While the whole Europe admires Baltic people and politicians for their patient and focused approach to the economic crisis, which has started to reflect in real figures, the Nobel Prize winner Paul Krugman says Latvia is not a success story at all.
In The New York Times article Krugman has included several charts which, in his opinion, illustrate the fact that Latvia’s success is just an illusion. He believes that Latvia’s willingness to endure extreme austerity is politically impressive, however its economic data don’t support any of the claims being made about its economic lessons.
The small Baltic state suffered the worst recession in Europe, with a 24% drop in GDP between 2007 and 2009. Two years later its economy was the fastest growing in the EU, putting Latvia in a position possibly to join the euro. Estonia, meanwhile, grew by 7.6% last year, five times the eurozone average, The Guardian writes.
Both Latvia and Estonia are praised as austerity model countries where people barely raised a whisper of complaint. Still the austerity was extremely harsh: both countries raised taxes, reduced wages and social benefits, dismissed thousands of people in the public and private sector.
Both Latvians and Estonians even re-elected the politicians that brought in the stringent measures.
Voters, it seems, had lived through worse. Lars Christensen, chief analyst at Danske Bank, said: “I think that most people in the Baltic states know real hardship, queuing for toilet paper, living in Soviet times.”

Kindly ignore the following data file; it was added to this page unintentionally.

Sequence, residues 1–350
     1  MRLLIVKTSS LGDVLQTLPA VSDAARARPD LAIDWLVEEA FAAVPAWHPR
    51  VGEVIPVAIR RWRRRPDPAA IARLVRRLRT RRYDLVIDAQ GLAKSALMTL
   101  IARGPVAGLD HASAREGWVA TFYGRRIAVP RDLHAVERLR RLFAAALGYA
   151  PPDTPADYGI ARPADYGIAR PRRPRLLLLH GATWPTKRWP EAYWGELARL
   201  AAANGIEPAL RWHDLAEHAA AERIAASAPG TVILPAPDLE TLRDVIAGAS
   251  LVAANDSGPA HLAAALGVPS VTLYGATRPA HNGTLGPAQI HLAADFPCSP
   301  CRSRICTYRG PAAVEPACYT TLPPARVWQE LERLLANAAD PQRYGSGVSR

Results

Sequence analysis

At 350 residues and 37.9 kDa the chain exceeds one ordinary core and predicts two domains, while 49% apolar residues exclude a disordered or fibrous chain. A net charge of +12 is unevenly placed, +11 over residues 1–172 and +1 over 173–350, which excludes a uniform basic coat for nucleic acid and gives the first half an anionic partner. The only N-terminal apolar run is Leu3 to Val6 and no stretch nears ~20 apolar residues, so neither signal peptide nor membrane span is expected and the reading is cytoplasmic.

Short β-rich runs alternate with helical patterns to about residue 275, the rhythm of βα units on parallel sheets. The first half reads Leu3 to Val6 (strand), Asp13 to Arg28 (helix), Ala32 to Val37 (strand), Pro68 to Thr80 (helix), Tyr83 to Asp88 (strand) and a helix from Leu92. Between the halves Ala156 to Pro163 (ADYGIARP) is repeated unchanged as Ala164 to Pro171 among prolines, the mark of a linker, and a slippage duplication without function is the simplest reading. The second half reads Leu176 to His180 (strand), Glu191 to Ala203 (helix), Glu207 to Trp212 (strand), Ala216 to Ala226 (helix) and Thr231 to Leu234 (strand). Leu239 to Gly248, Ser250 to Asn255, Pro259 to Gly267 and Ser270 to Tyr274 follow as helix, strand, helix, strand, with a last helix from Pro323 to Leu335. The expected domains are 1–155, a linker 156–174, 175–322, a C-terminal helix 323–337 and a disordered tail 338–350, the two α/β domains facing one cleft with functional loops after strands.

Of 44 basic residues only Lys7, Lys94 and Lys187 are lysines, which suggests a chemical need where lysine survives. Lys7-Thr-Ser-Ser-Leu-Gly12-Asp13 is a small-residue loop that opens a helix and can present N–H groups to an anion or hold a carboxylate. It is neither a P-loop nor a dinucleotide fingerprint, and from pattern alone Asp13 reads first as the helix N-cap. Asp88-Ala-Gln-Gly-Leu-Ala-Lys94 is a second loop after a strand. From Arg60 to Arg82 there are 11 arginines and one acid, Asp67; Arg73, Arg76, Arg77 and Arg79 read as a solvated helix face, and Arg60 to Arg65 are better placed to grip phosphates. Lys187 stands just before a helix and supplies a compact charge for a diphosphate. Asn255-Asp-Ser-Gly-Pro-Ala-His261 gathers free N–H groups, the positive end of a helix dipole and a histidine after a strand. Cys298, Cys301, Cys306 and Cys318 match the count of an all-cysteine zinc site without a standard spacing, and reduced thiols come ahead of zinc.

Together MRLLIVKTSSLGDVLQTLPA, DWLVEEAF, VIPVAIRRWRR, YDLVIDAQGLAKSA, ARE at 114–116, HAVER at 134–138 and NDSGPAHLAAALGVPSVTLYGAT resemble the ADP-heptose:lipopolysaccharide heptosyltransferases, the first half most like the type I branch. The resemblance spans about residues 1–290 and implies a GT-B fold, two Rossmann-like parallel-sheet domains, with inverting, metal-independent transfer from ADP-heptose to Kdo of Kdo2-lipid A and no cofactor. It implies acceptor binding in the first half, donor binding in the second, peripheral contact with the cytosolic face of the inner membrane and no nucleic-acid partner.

But before George Osborne goes trumpeting the Baltics as a shining example, he may want to look at the social cost of these austerity measures. The Centre for Economic and Policy Research estimates that unemployment in Latvia rocketed to 30% in 2010, taking into account people forced into part-time work and those who had given up looking. It has since fallen back, but is still high at 15%.
What’s more, the recoveries should be seen in the context of their previous collapse. Both economies are growing fast but neither has got back up to pre-crisis levels.
The economist also points at the geographic location. The Baltic states are near the wealthy Scandinavian countries, while Bulgaria sits next to Greece. Latvia does almost 70% of its foreign trade with the Nordics, Germany, Poland and Russia, which have all returned to growth.
Christensen said: “I am quite sceptical about the idea that [the Baltics] can serve as some kind of model. Luck played quite a big role in this; the fact that these countries have a close financial connection to Scandinavia.”
BNN already reported that Paul Krugman’s 67-word entry, entitled “Estonian Rhapsody,” last week questioned the merits of using Estonia as a “poster child for austerity defenders.” He included a chart that, in his words, showed “significant but still incomplete recovery” after a deep economic slump. President Toomas Hendrik Ilves responded to Krugman in a series of outraged tweets, taking offence to Krugman’s tone and writing that Krugman didn’t know what he was talking about.